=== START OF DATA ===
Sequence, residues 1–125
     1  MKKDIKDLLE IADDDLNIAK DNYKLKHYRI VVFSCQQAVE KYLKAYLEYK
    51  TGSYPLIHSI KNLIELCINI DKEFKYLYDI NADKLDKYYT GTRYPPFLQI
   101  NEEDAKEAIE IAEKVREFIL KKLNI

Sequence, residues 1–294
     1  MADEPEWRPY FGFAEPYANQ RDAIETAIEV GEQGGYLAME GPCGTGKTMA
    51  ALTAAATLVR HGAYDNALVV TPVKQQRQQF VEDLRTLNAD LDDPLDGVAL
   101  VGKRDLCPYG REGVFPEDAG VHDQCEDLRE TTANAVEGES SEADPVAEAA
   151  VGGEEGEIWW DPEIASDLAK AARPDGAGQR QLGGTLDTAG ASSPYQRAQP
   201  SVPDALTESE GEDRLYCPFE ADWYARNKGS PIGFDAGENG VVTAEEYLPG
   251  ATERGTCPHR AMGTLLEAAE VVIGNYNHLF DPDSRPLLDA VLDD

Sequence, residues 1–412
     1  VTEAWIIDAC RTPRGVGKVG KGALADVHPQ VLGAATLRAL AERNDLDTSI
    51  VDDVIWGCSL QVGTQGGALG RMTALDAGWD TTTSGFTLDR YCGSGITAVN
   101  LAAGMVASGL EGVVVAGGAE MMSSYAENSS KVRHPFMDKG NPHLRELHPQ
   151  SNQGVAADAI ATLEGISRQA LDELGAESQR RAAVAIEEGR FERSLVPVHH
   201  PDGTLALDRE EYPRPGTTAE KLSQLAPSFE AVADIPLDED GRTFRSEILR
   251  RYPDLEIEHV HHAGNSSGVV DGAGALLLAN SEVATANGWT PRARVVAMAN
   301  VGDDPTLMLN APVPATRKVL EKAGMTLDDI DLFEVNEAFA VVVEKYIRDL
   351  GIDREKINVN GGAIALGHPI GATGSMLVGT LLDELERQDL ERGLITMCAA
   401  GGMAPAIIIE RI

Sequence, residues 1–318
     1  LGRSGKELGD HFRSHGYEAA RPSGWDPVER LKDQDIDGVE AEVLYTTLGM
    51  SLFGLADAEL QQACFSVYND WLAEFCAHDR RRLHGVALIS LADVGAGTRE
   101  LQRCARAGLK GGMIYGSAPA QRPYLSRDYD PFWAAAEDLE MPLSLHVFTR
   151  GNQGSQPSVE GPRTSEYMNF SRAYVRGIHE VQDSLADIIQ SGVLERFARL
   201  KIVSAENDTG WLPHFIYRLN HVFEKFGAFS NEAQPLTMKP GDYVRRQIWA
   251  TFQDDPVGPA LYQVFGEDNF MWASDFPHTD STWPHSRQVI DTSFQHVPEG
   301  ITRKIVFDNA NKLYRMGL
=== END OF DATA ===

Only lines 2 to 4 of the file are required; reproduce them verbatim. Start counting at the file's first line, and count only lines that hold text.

     1  MKKDIKDLLE IADDDLNIAK DNYKLKHYRI VVFSCQQAVE KYLKAYLEYK
    51  TGSYPLIHSI KNLIELCINI DKEFKYLYDI NADKLDKYYT GTRYPPFLQI
   101  NEEDAKEAIE IAEKVREFIL KKLNI